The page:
Japan is little known as a ski destination for British skiers, and until recently it has been a difficult country for non-Japanese to get to know, with prices high for tourists and most signage in Japanese.
However Japan does have a long history as a ski resort and has some 600 ski areas, a total matched only by Austria. Japan is far ahead of Austria and all other ski countries in the world, in terms of the quality of its uplift, with far more chairlifts than anywhere else, and very few drag lifts. It was the Austrians who are credited with introducing downhill skiing to the country a century ago, and one of the leading ski areas Nozawa Onsen, contains a museum to Hannes Schneider who taught skiing there 80 years ago.
The Japanese ski industry grew through the first half of the twentieth century and peaked in the 1980s when ski areas were notoriously over crowded and needing to open for almost 24 hours in order to cope with demand. The new sport of snowboarding was widely banned because of this. Japanese corporations began buying ski resorts in Europe and North America including Tignes in France, Alyeska in Alaska, Heavenly in California and Steamboat in Colorado. That all changed by the early 1990s however when the Japanese economy crashed and at the same time skiing went out of fashion, losing ground to video games.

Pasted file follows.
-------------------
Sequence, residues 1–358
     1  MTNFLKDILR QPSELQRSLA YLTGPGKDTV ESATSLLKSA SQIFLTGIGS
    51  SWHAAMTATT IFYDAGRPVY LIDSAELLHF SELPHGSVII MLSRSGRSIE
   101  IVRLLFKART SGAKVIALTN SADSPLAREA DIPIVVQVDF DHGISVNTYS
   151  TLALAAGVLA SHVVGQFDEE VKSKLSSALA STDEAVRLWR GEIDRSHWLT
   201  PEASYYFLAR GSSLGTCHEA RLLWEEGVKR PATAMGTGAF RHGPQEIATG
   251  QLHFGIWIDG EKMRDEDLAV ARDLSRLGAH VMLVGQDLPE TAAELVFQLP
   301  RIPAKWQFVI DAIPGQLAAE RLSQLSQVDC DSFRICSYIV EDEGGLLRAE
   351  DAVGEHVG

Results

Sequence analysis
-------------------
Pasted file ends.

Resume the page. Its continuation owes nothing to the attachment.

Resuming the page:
Since then many ski areas have been mothballed, and those still operating have had to fight for business. Snowboarders are now courted by resorts, their fashionability a major selling point. Lift pass prices plummeted and today have gone from some of the most expensive a decade ago, to becoming among the most affordable in the world today. For the first time non-Japanese guests were also encouraged, with the Australian and New Zealand markets particularly targeted. Japan was cheaper and closer than North America or Europe.
It was this changing trend that led to the first package tours to Japan from Europe with several big operators offering ski packages to Japan. Most of these are currently concentrated on the northern island of Hokkaido, with resorts like Rusutsu, Niseko and Furano all popular.
After the long flight, Japanese resorts do have major attractions for British skiers. The ski areas are no longer crowded and indeed virtually empty during the week. Japan has a reputation for the world’s biggest snowfalls and abundant powder which remains untracked for days after snowfalls. Prices for most aspects of the ski holiday are lower than in the Alps and the locals are very hospitable and friendly. There are also hot springs to visit and some resorts have extensive facilities besides the ski slopes.